Consider this scenario: A distracted driver is in an unfamiliar city. Rushing to an appointment, the driver is busy sending a text message. The vehicle's navigation system had earlier given an alert of the need to be in the dedicated right turn lane in the upcoming intersection where he or she needs to exit. Attempting a quick lane change, onboard sensors prevent the driver from making a careless mistake and the vehicle's ABS system, reacting to road curve data from the navigation system, slows the vehicle to a safe speed. The navigation system then provides the driver a safe alternative to reach the destination on time.
Such Advanced Driver Assistance Systems (ADAS) are starting to come into the mainstream, but mapping providers, such as Tele Atlas, are being taxed to furnish the required data.
ADAS is coming of age, and given the fact that about 80% of all accidents are due to human error, the need for the technology has never been greater. Drivers face increasing challenges on the roadwaysmore traffic, and more rushed, distracted drivers trying to multi-task while driving. Vehicles themselves are safer than ever with bricks-and-mortar technology like side-curtain and front airbags. Electronics are playing an increasing role in vehicle safety with probes, cameras, and sensors providing warning of danger in many situations.
Not just for location anymore
Navigation systems are becoming an increasingly important component of the vehicle's overall safety system. Navigation devices today primarily assist drivers in unfamiliar areas with clear instructions, minimizing distraction caused by searching for road signs and landmarks. Such systems also help drivers make their way through complex intersectionsgiving them adequate time to correctly position themselves to execute a turn, where, for example, multiple freeways intersect and lane choice is critical to the driver not making a sudden, potentially dangerous move to reach the desired exit ramp in time.
But providing clear directions through unfamiliar territory only knocks on the door of the potential of these systems to contribute to overall safety. Detailed information about the road itself, including precise data on the road's position, contour, and curvature, as well as dynamic traffic and road-construction information, can help provide a more complete picture of the way ahead to help drivers better understand current conditions and prepare for what is around the next corner.
In short, the ability to give the driver information about the situation at hand, to help he or she become more intimate and familiar with the surroundings, and help both driver and vehicle better react to current conditions, is the end game for ADAS. Mapping data is a critical component to reaching that goal.
Sophisticated data collection techniques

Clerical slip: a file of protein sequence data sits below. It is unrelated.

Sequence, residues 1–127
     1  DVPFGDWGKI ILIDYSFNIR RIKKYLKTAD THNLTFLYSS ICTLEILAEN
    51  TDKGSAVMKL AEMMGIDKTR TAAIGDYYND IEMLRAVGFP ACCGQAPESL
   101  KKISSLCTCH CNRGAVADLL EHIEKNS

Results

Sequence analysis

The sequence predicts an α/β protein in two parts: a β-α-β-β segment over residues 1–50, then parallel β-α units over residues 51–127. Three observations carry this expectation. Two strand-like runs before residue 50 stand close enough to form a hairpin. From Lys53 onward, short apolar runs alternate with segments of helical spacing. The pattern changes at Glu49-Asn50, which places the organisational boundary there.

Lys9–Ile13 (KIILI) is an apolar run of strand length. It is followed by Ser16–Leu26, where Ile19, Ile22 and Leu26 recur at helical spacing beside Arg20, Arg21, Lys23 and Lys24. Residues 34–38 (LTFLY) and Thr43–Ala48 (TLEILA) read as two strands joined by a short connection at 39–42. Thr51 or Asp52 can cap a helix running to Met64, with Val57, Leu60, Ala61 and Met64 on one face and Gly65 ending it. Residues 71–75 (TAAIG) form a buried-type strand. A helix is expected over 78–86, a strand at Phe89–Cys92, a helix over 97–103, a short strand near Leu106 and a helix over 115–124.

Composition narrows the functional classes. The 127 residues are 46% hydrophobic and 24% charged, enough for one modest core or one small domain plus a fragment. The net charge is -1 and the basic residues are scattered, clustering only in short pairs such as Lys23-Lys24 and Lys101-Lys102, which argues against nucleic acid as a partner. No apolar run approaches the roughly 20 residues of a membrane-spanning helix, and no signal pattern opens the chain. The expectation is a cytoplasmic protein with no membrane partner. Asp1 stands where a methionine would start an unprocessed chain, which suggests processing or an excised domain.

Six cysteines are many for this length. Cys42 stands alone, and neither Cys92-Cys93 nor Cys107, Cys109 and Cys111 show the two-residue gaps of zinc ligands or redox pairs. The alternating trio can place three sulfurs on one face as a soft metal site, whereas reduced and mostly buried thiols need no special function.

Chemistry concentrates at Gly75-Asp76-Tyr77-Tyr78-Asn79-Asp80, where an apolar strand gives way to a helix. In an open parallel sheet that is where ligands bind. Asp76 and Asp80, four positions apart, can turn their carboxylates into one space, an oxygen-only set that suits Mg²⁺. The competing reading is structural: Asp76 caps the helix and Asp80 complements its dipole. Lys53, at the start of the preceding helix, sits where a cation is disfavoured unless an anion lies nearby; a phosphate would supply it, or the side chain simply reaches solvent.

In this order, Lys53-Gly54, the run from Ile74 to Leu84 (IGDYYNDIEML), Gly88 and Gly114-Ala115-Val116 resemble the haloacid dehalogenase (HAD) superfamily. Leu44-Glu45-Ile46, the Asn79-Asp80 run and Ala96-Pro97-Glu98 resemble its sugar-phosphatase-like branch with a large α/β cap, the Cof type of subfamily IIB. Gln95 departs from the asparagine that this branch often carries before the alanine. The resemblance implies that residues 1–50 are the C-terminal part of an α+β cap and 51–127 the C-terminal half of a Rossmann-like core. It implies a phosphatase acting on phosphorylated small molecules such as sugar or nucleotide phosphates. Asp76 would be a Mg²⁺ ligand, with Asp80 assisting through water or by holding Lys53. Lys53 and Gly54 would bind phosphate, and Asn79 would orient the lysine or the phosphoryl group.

From a data collection standpoint, Tele Atlas, for instance, is geared up to provide that information with a massive effort to collect new data and update existing data for more than a million miles of North American roadways to meet ADAS standards. Tele Atlas has nearly 50 Mobile Mapping vans traversing North American, European, and Asia Pacific roadways, each equipped with at least six cameras precisely capturing data in a 360-degree range. The quality of the images is superior and highly accurate which is especially vital when measuring attributes such as the height of bridges and length of tunnels.
Unlike aerial photographs or satellite images, such Tele Atlas maps are delivered as a vector database. That means streets, landmarks and signposts are modeled as a set of precise x and y coordinate pairs that represent the position of these objects in space and their spatial relationship to one another. The end result: Precise positional accuracy of those points and more detail, such as the exact curve a road takes, to better assist the driver and vehicle systems.
The vans also capture what drivers would noticeincluding names of roads, turnoffs, landmarks, and speed limit changes. But more importantly, the vans use sophisticated electronics like 3D gyroscopes to capture slope and curvature information, bridge height and weight restrictions, tunnel restrictions, and other roadway features that could have an impact on how a driver reacts to a particular situation. Tele Atlas Mobile Mapping vans capture data quickly, traveling at posted highway speeds, with advanced back-end processing methodologies helping process and package data efficiently and accurately.
These vans, combined with the more than 50,000 independent sources Tele Atlas uses to collect and update map data globally, help ensure that changes to map information (from new streets or points of interest to changes in traffic flows, restricted maneuvers, and speed restrictions and signage), which occur at a rate of approximately 10 to 15% a year on average (and can be much higher in high-growth areas) are as current as possible.
This wealth of data, sophisticated context-specific information that can be readily integrated with on-board electronics, is already having an impact on both vehicle safety and efficiency, and is anticipated to have far reaching effects on emerging ADAS applications.